Gratitude Sparks Joy

Read time: 4 minutes

A few days ago, my partner and I came across a store that sold suitcases. We had both been in the market to buy new carry-on suitcases for at least half a year but it wasn’t an urgent need so we hadn’t purposely looked around until we randomly came across a big travel accessories shop that was right smack in front of us.

We looked around and settled for some new ones that we have yet to love, but we both agreed it was time to finally replace our old carry-ons. We brought the new ones home and I got excited about the new adventures that would follow with them.

I brought out the two old suitcases. One of them went to a friend so I was happy it could still serve a purpose, but the other (older) one was so destroyed that it was time for it to go to the landfill. I had so wished that there was a way to recycle it or make use of it somehow but there was no saving it.

Without hesitating further, the minimalist side of me took action and I took it out to the trash on my way out of the house to dinner. I parked it next to the trash and recycling bins hoping that there could still be a last chance that it could be responsibly disposed, or who knows, maybe someone would find it useful, or turn it into art? As I walked away and looked back at it, I suddenly I felt so emotional. I felt so guilty and nostalgic. I walked away before I had a chance to mindfully process what I was letting go of and didn’t have a chance to thank it. I had let the desire to not be late to dinner, the desire to maintain a clean household and the convenience of taking it to trash on my way out to dinner win over mindfulness. I couldn’t believe myself. I know how silly it may sound but I wish I took a minute to Marie Kondo the process before I acted so hastily. See, even meditation teachers have their not-so-mindful moments.

I started thinking about how many places I had traveled with it, how many times I had moved between countries and houses within the city, how it accompanied me on multiple film tours when I worked as a film publicist, how it broke into the China market with me which was a huge milestone in my former career, how it carried my wedding dress, how it was almost always the only reliable suitcase I would take, even on month long trips because I love traveling lightly and like to avoid checking in bags as much as possible.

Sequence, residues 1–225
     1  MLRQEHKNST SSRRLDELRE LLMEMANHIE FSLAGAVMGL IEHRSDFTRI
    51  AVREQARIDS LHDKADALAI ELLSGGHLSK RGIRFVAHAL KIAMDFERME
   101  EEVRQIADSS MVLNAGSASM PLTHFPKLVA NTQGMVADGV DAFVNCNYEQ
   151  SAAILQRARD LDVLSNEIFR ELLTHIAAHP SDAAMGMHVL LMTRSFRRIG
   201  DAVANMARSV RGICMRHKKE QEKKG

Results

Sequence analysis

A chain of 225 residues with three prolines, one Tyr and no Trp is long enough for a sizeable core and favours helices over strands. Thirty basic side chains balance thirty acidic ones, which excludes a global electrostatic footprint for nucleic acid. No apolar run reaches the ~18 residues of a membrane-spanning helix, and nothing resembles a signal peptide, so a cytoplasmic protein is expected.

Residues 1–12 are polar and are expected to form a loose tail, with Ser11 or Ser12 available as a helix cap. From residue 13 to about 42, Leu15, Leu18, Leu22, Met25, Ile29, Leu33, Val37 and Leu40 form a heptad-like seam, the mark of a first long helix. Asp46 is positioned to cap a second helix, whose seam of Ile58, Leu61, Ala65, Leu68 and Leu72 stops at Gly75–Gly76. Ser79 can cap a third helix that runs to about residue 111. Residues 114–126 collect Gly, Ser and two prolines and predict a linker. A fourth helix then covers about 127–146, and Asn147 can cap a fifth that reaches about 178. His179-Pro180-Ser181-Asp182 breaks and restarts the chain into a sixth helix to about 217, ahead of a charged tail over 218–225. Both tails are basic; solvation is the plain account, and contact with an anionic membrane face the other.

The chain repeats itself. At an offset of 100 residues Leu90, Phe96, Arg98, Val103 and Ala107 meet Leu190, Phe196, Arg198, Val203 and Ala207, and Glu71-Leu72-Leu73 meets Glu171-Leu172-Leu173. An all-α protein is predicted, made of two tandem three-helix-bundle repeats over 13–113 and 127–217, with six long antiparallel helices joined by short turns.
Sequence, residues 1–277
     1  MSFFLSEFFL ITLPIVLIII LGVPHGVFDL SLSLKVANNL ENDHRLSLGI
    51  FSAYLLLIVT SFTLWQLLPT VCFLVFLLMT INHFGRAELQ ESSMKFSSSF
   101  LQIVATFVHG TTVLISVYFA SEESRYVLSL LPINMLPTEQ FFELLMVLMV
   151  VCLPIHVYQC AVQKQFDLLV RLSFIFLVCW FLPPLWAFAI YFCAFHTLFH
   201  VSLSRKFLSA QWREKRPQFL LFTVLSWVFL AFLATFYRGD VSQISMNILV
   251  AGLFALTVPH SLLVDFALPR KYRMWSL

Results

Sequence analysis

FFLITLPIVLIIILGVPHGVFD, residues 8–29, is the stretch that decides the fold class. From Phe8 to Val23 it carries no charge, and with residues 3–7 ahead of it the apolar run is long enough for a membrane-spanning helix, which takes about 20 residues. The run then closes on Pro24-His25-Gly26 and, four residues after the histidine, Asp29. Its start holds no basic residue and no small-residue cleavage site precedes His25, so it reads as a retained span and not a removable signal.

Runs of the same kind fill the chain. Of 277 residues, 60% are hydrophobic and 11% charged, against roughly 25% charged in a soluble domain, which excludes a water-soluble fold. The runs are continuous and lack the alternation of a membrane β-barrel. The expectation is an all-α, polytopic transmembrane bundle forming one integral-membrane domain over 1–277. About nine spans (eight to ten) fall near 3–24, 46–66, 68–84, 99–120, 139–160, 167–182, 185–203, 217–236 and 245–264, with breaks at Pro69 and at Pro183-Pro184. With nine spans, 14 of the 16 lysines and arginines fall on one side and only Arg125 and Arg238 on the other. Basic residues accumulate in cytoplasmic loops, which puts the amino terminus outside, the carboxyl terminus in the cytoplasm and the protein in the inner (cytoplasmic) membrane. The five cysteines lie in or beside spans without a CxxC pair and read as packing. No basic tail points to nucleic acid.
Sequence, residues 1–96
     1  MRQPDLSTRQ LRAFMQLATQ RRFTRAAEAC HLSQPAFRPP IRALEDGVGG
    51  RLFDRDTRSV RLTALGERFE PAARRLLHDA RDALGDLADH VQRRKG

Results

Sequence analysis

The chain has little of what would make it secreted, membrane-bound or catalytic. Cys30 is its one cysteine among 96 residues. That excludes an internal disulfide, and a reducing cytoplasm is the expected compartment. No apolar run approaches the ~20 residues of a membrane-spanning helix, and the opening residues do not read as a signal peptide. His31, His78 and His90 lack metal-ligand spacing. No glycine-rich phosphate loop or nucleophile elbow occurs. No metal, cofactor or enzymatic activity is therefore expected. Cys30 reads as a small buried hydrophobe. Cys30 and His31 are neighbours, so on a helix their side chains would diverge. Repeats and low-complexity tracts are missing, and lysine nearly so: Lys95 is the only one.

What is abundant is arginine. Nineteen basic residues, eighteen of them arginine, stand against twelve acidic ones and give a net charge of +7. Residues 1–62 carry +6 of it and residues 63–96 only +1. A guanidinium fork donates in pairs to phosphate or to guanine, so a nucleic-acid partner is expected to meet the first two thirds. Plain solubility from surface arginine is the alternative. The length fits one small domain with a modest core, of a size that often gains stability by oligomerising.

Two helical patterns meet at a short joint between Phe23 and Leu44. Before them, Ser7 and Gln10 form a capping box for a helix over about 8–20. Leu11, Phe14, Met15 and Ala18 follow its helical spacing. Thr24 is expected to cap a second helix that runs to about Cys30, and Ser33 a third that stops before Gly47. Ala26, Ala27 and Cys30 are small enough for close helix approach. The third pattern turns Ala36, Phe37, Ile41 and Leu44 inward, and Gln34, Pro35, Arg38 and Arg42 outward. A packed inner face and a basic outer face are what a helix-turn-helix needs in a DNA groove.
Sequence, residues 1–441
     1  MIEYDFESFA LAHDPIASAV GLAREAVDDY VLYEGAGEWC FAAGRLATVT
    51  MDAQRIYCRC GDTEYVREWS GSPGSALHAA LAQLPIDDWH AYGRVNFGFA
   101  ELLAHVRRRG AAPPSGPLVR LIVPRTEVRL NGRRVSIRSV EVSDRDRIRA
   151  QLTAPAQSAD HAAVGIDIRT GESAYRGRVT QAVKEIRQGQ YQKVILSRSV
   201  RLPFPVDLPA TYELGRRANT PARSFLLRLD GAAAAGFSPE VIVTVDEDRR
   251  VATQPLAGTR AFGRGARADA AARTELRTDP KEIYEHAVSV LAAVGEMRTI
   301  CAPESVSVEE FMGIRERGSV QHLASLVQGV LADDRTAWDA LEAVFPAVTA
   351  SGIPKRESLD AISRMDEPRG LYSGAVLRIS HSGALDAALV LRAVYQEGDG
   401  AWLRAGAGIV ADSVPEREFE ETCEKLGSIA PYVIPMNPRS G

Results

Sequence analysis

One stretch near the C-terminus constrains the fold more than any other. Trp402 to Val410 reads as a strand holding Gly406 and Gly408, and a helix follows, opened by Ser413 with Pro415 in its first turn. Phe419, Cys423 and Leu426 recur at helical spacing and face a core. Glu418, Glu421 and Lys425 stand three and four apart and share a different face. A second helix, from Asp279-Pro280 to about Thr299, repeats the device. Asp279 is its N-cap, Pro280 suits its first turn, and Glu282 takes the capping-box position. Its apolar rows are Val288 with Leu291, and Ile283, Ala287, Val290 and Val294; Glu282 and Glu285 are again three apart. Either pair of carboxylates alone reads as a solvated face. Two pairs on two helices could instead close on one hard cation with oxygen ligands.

It’s been 2 days and I still feel guilty and nostalgic. So as silly as it may be, I wanted to thank it in spirit since it was too late to share my gratitude towards it physically. If I wished to answer to the guilt and nostalgia, I knew that I needed to be honest and present with my emotions.

So in case you feel like you may have hastily given up a person, animal or object of sentimental value too soon, let this be a reminder for us to take a step back and reflect and tap into gratitude. Gratitude sparks joy and sets you free.

So here’s a Gratitude Reflection that I created for my sentimental carry-on suitcase. I hope it could serve as a template for you to say a proper thank you and goodbye if you had missed your opportunity to do so in the past, or need to let go of something or someone in the present or future.

And I don’t mean to compare letting go of a suitcase to letting go of a life form, but sometimes letting go of an object means grieving a part of you, or someone that you care for and that holds just as much weight. No one else can be the judge of how much weight it carries but you and grieving of any kind is a very personal process.

My Gratitude Reflection: (Remember, this is just a guideline so revise it so it resonates with you)

“Thank you dear suitcase for coming into my life.

Thank you to all the energies it took to make this suitcase. The humans and machinery that it took to create, invest, build, sell and transport it to the store where I bought it, and to the staff at the store who worked there so that the shop existed in the first place.

Thank you to my old job that created the financial abundance for me to take this lovely suitcase home and create memories with it.

Thank you dear suitcase for all the travel adventures the last 8 years, for providing so much empty space for me to fill physically and emotionally and for being so utterly reliable,

Thank you for serving your purpose. You were absolutely fantastic.

I miss you.

I love you.

Thank you.”

I then followed with a mini Reiki healing practice focusing on healing the guilt and finding harmony in letting go of this suitcase and what it represented.